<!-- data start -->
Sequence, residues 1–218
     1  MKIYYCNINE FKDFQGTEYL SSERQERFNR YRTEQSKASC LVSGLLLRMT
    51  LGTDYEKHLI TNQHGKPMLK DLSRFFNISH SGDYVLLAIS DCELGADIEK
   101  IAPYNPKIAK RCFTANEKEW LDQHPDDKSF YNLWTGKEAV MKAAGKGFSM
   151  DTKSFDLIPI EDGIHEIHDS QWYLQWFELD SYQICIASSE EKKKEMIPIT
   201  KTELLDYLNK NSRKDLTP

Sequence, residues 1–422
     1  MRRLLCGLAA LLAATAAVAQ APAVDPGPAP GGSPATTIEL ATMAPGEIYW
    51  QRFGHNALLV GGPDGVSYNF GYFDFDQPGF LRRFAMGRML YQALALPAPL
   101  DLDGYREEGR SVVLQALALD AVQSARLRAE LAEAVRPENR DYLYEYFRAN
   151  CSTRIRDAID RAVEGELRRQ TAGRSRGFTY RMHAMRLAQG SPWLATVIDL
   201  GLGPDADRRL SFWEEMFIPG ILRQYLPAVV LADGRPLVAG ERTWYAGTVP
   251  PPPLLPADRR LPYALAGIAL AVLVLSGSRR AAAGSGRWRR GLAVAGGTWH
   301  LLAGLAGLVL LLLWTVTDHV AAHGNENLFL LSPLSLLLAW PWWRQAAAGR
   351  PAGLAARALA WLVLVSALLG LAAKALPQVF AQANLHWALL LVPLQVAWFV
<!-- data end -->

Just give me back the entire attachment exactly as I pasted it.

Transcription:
Sequence, residues 1–218
     1  MKIYYCNINE FKDFQGTEYL SSERQERFNR YRTEQSKASC LVSGLLLRMT
    51  LGTDYEKHLI TNQHGKPMLK DLSRFFNISH SGDYVLLAIS DCELGADIEK
   101  IAPYNPKIAK RCFTANEKEW LDQHPDDKSF YNLWTGKEAV MKAAGKGFSM
   151  DTKSFDLIPI EDGIHEIHDS QWYLQWFELD SYQICIASSE EKKKEMIPIT
   201  KTELLDYLNK NSRKDLTP

Sequence, residues 1–422
     1  MRRLLCGLAA LLAATAAVAQ APAVDPGPAP GGSPATTIEL ATMAPGEIYW
    51  QRFGHNALLV GGPDGVSYNF GYFDFDQPGF LRRFAMGRML YQALALPAPL
   101  DLDGYREEGR SVVLQALALD AVQSARLRAE LAEAVRPENR DYLYEYFRAN
   151  CSTRIRDAID RAVEGELRRQ TAGRSRGFTY RMHAMRLAQG SPWLATVIDL
   201  GLGPDADRRL SFWEEMFIPG ILRQYLPAVV LADGRPLVAG ERTWYAGTVP
   251  PPPLLPADRR LPYALAGIAL AVLVLSGSRR AAAGSGRWRR GLAVAGGTWH
   301  LLAGLAGLVL LLLWTVTDHV AAHGNENLFL LSPLSLLLAW PWWRQAAAGR
   351  PAGLAARALA WLVLVSALLG LAAKALPQVF AQANLHWALL LVPLQVAWFV